Sunday, June 10, 2012

Mad Men: A Retrospective

Sometimes I think about what it would have been like to see a movie like Gone With The Wind or The Godfather when it was originally released in theaters.  I like to wonder what the experience would have been like for someone like myself back in those days, before years and years of history continually affirmed each of the movies’ greatness within the annals of filmdom.  I like to think about what was going through people’s minds, say, when Scarlett O’Hara cries the now-legendary line “If God is my witness, I’ll never go hungry again!” or when a young Michael Corleone pulls off a double-murder in the famous Italian restaurant scene, thus beginning his dark descent into a life of corruption and power.  My guess is that in many cases, the reaction was something like this: “I don’t know how this movie is going to end, but right now this in unlike anything I’ve ever seen...I’m watching something truly special right now.”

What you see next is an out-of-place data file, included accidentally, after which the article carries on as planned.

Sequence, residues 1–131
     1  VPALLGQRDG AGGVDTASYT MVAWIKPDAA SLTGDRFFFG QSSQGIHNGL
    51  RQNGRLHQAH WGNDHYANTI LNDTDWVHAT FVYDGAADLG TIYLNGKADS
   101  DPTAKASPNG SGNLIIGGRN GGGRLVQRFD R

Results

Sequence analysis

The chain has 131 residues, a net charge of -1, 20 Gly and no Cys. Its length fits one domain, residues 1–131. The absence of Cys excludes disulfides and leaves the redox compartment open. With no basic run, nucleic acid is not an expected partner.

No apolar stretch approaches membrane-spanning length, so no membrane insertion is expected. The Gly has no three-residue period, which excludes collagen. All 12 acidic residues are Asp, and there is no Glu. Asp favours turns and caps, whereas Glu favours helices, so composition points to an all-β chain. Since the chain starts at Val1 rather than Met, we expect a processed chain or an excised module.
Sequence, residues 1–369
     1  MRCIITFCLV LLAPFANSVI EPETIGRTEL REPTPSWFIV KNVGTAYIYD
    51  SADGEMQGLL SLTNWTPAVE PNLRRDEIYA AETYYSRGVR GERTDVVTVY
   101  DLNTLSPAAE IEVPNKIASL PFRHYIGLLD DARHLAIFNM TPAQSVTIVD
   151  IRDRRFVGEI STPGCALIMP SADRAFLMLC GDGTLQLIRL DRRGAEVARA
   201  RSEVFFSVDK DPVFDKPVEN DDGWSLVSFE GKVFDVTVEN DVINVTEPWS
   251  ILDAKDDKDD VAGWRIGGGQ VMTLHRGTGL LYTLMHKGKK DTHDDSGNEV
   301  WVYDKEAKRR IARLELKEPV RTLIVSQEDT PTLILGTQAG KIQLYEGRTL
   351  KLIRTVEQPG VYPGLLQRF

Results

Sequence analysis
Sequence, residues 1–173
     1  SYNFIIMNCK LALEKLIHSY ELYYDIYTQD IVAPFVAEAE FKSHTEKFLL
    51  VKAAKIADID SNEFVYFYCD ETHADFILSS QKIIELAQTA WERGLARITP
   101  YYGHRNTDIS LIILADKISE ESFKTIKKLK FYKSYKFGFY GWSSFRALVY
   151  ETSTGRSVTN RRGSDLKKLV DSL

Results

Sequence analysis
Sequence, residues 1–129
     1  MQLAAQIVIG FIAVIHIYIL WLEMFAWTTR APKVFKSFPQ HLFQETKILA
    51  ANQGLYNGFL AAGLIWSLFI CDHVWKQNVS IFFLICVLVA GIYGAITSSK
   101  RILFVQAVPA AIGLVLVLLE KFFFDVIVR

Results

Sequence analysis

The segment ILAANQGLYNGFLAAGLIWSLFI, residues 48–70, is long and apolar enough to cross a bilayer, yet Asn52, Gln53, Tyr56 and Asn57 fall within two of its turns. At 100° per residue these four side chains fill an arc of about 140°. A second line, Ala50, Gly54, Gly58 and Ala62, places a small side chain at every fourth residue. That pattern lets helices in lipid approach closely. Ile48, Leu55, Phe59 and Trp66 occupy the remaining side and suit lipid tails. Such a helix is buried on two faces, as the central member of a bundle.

And that brings us to where we are before tonight’s Season 5 finale of Mad Men.   

Fat Betty and Other Fun Season 5 Adventures

A show that simply refuses to stop getting better, Mad Men has given us everything we could have asked for in its fifth season.  Perhaps due to Netflix and the ability to watch the first four seasons, it seems like people are finally catching on (the ratings are higher this season than ever before) to Don Draper & the gang.  This season has given us “Zou Bisou Bisou,” Fat Betty, Pete becoming as close to a villain as the show’s ever had, Don & Joan and a Jaguar, Lane’s unfortunate demise, Roger taking LSD (more on that later), and Peggy’s tearjerker of a resignation.   More than in any season before, the show has been appointment TV for everyone I know who watches it, and I’ve had more discussions, email and twitter conversations, texts, and phone calls about all the events I’ve just mentioned than in the first four seasons combined.